Addiction is a familial disease for Chris Herren.
"I grew up in a family that suffered from alcoholism," he said.
Herren was a basketball legend around his hometown of Fall River, Massachusetts. The McDonald's All-American was courted by several top colleges and received numerous honors. No one knew his big secret.
"I did my first line of cocaine at 18, and it took 14 years to stop," Herren told CNN. "Hiding this addiction was a full-time job."
Herren upped his game, from college hoops to the NBA's Boston Celtics and Denver Nuggets. But his addiction grew, too -- from cocaine and Vicodin to heroin.
By 2006, Herren was out of basketball and in deep trouble. His downward spiral finally ended when he was found slumped over in his car. Paramedics said the former point guard was clinically dead for 30 seconds.
He knew it was time to get clean. But one thing stood in the way: The exorbitant cost of rehab.
A fellow NBA alumnus, Chris Mullin, and his wife stepped in to help.
"Liz and Chris Mullin reached out to me and gave me the greatest gift any family could give someone, a chance to get well," said Herren. After 14 years of addiction, he finally got clean in 2008.
To pay that goodwill forward, he founded The Herren Project.
What The Herren Project does
Since 2011, The Herren Project has increased awareness and treatment of substance abuse.
Guided by his own struggles, Herren pinpointed what he feels are critical components of long-term recovery: treatment, education and mentoring.
His program recruits social workers to match addicts with the support they need. There is coaching and help covering the costs of rehab.
Susan Duffy came to The Herren Project in 2015 seeking help for one son and not knowing that just a few months later she'd have another son who was also struggling with addiction.
"It was really scary to see my other son going down the same road," she said.
"Luckily I had had experience being in our support group through the project. So, I knew what I was seeing was real," Duffy added. "I knew how to get my other son the help that he needed."
Now with both sons sober, Duffy credits The Herren Project's full-circle approach, which also focuses on the addict's family.
"It really does increase the possibility of your loved ones surviving," she said.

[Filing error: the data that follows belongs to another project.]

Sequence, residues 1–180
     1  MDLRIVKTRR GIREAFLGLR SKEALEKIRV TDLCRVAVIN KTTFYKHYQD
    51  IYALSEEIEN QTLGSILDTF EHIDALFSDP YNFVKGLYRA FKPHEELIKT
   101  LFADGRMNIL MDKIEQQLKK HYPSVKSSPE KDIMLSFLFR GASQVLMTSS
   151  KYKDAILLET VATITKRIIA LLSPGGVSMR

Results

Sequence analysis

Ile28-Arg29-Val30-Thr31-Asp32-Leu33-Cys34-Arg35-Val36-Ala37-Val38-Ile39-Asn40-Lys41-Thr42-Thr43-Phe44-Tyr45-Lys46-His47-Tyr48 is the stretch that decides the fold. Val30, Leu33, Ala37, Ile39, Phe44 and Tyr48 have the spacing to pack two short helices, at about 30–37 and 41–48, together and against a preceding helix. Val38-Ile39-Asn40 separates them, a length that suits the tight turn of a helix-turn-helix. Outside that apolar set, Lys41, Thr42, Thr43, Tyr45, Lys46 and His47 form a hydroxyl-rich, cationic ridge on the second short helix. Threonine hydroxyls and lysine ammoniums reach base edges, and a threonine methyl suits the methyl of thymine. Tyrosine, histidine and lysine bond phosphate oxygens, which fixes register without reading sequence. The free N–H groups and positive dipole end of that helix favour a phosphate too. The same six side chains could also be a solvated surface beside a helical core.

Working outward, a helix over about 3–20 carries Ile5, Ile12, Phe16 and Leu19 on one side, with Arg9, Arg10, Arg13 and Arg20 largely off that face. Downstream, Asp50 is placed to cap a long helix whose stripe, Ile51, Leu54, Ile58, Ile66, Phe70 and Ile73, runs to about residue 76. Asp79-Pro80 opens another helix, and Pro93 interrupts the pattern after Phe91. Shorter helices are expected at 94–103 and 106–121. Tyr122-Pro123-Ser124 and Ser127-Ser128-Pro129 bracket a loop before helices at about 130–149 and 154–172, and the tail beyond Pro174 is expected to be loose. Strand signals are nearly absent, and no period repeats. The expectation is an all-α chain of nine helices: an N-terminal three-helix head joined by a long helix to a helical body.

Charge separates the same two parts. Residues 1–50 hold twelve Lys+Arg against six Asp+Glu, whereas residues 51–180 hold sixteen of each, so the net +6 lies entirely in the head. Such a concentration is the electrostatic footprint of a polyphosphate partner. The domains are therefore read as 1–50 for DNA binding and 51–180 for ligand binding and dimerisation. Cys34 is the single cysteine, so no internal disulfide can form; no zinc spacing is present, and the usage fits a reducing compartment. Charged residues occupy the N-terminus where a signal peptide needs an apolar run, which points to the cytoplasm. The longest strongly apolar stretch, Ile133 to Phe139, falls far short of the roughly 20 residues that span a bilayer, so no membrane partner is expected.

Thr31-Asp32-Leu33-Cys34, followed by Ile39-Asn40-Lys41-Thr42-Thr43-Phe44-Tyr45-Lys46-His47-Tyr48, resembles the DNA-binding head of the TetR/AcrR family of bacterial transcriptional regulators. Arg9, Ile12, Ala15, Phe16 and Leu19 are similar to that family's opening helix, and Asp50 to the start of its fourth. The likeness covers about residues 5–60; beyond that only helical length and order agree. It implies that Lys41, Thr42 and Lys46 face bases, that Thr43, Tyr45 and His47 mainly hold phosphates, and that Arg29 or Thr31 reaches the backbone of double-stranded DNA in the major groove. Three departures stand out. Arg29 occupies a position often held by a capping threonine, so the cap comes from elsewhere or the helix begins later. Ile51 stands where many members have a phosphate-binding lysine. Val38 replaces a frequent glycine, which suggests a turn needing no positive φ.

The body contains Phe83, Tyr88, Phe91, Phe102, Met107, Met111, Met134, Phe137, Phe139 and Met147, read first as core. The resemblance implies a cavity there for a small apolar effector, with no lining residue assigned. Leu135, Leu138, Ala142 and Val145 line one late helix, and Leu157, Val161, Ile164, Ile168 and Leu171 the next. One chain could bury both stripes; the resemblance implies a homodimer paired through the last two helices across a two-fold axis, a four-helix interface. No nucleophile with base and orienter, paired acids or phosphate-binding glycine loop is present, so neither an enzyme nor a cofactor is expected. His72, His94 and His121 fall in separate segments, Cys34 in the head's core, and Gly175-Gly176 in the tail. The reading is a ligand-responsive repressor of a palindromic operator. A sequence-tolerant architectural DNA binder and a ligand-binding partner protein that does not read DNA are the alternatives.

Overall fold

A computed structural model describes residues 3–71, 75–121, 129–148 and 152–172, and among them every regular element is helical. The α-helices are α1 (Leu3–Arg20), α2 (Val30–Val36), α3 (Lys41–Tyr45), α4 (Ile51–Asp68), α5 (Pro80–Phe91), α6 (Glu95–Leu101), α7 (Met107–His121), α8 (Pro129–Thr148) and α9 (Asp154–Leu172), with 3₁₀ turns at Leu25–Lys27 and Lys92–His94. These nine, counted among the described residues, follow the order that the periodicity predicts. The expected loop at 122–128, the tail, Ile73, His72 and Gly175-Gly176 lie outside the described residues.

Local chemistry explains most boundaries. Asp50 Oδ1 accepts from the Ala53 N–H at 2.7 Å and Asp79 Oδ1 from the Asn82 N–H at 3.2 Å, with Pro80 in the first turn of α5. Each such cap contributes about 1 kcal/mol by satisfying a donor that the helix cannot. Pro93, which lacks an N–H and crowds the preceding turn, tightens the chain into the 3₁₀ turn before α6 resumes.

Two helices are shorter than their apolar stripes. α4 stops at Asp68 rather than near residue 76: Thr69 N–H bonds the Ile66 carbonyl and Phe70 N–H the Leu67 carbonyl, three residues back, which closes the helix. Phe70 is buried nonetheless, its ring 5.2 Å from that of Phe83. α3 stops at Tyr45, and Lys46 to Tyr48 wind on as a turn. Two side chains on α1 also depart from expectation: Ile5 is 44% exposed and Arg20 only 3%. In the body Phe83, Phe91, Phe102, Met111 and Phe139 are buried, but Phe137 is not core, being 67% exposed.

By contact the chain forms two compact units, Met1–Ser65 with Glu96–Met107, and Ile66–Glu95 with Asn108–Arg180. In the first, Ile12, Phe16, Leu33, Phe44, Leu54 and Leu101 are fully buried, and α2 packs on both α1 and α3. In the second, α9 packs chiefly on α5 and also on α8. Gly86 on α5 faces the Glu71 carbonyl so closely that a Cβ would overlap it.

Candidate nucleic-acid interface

How it's helped families
"When you first kind of get sober you know there's a tremendous amount of baggage that goes with that," said Kevin Mikolazyk, The Herren Project's executive director.
"Often the individual recovers faster than the family," he added.
"We all get sick in this process. Family members have broken hearts, and people who are suffering have broken souls," said Herren. "That person suffering is going to walk out into the arms of family members, and we need them to be as healthy as possible to support them."
Each family is assigned a licensed clinical social worker who supports them as long as necessary.
Also, the organization offers virtual family support groups that loved ones can access on computers or mobile devices.
James Franchek lost his 24-year-old daughter Emma to a heroin overdose in 2016. The family support that Franchek continues to receive is instrumental in helping him cope with her death.
"You don't realize that at the time it's kind of a cumulative effect, that it keeps taking and taking and taking," Franchek said. "That's why it was so valuable to find the Herren Project."
Franchek is now using his daughter's story to raise awareness and advocate for better treatment services.
"I think support is kind of the cornerstone to a family being able to navigate through," he said.
How Herren is spreading his message
Herren, now 42, is now looking to the younger generation to continue his work.
"There's not enough support for those students who want to make the right choice," he said. "The scariest thing about kids, the scariest thing about addiction, is nobody knows who has it."
That's why in 2012, The Herren Project launched "Project Purple" which encourages students to embrace the message of education and awareness of substance abuse.
"It's all about creating awareness, support, and community."
So far the program has reached 885,000 young people.
"This crisis doesn't discriminate. It's in every community. It's in every neighborhood," said Herren. "My whole purpose in this is to break that stigma ... and eliminate the rock bottoms."
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